|I stopped believing in Santa Claus when my mother took me to see him in a department store, and he asked for my autograph. - Shirley Temple|
Chapter 9 - Color:
Growth and Decay of Sensation. - Although many after-images may not be considered to be optical illusions in the sense in which the term is used here, there are many optical illusions in which they at least play a part. Furthermore, it is the intention throughout these chapters to adhere to a discussion of "static" optical illusions, it is difficult to avoid touching occasionally upon motion. The eyes are in motion most of the time, hence, certain effects of an illusory nature may be superposed upon stationary objects.
The persistence of vision has been demonstrated by every small boy as he waved a glowing stick seized from a bonfire. Fireworks owe much of their beauty to this phenomenon. A rapidly revolving spoked wheel may appear to be a more or less transparent disk, but occasionally when a rapid eye-movement moves the point of sight with sufficient speed in the direction of motion, the spokes reappear momentarily. Motion-pictures owe their success to this visual property - the persistence of vision. If a lantern-slide picture be focused upon black velvet or upon a dark doorway, the projected image will not be seen. However, if a white rod be moved rapidly enough in the plane of the image, the latter may be seen in its entirety. The mixture of colors, by rotating them on disks, owes its possibility to the persistence of the color-sensations beyond the period of actual stimulation. The fact that it takes time for sensations of light to grow and decay is not as important here as the fact that the rates of growth, and also of decay, vary for different colors. In general, the growth and the decay are not of similar or uniform rates. Furthermore, the sensation often initially "overshoots" its final steady value, the amount of "overshooting" depending upon the intensity and color of the stimulus. These effects may be witnessed in their extensive variety by rotating disks so constructed that black and various colors stimulate the retina in definite orders.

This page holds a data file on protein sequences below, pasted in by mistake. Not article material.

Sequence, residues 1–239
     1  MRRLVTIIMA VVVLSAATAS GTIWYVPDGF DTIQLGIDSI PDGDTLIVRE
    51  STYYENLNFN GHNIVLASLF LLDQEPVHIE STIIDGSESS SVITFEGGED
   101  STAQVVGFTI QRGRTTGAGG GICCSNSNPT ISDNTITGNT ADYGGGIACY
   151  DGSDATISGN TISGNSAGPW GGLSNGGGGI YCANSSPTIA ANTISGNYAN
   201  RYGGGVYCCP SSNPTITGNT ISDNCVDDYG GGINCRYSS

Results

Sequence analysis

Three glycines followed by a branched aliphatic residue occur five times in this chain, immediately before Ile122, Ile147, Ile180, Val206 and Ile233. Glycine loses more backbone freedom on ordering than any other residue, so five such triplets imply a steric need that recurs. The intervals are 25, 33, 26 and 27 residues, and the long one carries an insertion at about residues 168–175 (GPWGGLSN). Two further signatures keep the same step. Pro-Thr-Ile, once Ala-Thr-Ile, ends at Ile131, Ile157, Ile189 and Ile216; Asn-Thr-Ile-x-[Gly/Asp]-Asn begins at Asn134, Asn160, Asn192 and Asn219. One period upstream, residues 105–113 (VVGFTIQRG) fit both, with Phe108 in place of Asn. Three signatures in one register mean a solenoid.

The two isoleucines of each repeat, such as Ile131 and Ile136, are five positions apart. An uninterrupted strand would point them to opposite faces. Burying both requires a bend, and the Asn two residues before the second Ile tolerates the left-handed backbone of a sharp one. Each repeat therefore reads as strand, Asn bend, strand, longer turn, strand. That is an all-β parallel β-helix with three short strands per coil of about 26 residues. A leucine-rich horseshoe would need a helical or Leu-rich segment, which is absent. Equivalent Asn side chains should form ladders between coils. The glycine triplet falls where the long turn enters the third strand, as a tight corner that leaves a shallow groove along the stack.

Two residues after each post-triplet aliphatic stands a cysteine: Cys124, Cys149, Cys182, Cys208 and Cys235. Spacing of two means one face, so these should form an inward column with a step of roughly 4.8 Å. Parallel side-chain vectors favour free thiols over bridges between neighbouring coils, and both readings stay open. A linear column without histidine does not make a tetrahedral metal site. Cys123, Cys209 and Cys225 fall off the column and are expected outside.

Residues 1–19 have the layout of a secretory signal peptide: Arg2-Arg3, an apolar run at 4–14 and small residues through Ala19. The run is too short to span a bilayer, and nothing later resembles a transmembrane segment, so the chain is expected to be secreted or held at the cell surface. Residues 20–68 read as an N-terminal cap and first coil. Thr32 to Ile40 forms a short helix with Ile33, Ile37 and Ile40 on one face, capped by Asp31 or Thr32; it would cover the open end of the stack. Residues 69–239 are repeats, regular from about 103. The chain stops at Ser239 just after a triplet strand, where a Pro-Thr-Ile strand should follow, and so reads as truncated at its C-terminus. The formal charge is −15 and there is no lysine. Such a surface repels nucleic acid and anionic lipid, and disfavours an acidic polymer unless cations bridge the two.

An interesting case of this kind may be demonstrated by rotating the disk shown in Fig. 67. Even though these stimuli are only black and white, a series of colored rings can be seen which vary from a reddish chocolate to a blue-green. Experiment will determine the best speed, which is rather slow under a moderate intensity of illumination. The reddish rings will be outermost and the blue-green rings innermost when the disk is rotated in one direction. Upon reversing the direction of rotation the positions of these colored rings will be reversed.
|Fig. 67. - By rotating this Mason (black and white)
disk color-sensations are produced.
By using various colors, such as red and green for the white and black respectively, other colors will be produced, some of which are very striking. The complete explanation of the phenomenon is not clear, owing to the doubt which exists concerning many of the phenomena of color-vision, but it appears certain that the difference in the rates of growth and decay of the various color-sensations (the white stimulus includes all the spectral hues of the illuminant) is at least partially, if not wholly, responsible.
An interesting effect, perhaps due wholly or in part to the differences in the rates of growth and decay of color-sensations, may be observed when a colored pattern is moved under a low intensity of illumination, the eyes remaining focused upon a point in space at about the same distance as the object. A square of red paper pasted in the center of a larger piece of blue-green paper is a satisfactory object. On moving this object gently, keeping the point of sight fixed in its plane of movement, the central red square will appear to shake like jelly and a decided trail of color will appear to cling to the lagging edge of the central square. Perhaps chromatic aberration plays some part in making this effect so conspicuous.
A similar case will be noted in a photographic dark-room illuminated by red light upon observing the self-luminous dial of a watch or clock. When the latter is moved in the plane of the dial, the greenish luminous figures appear separated from the red dial and seem to lag behind during the movement. For such demonstrations it is well to experiment somewhat by varying the intensity of the illumination and the speed of movement. Relatively low values of each appear to be best.
Although the various color-sensations grow and decay at different rates, the latter depend upon conditions. It appears that blue-sensation rises very rapidly and greatly overshoots its final steady value for a given stimulus. Red ranks next and green third in this respect. The overshooting appears to be greater for the greater intensity of the stimulus. The time required for the sensation to reach a steady value depends both upon the spectral character and the brightness of the color but is usually less than a second.
Chapter 9 - Color:
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Chapter 9 - Color:|
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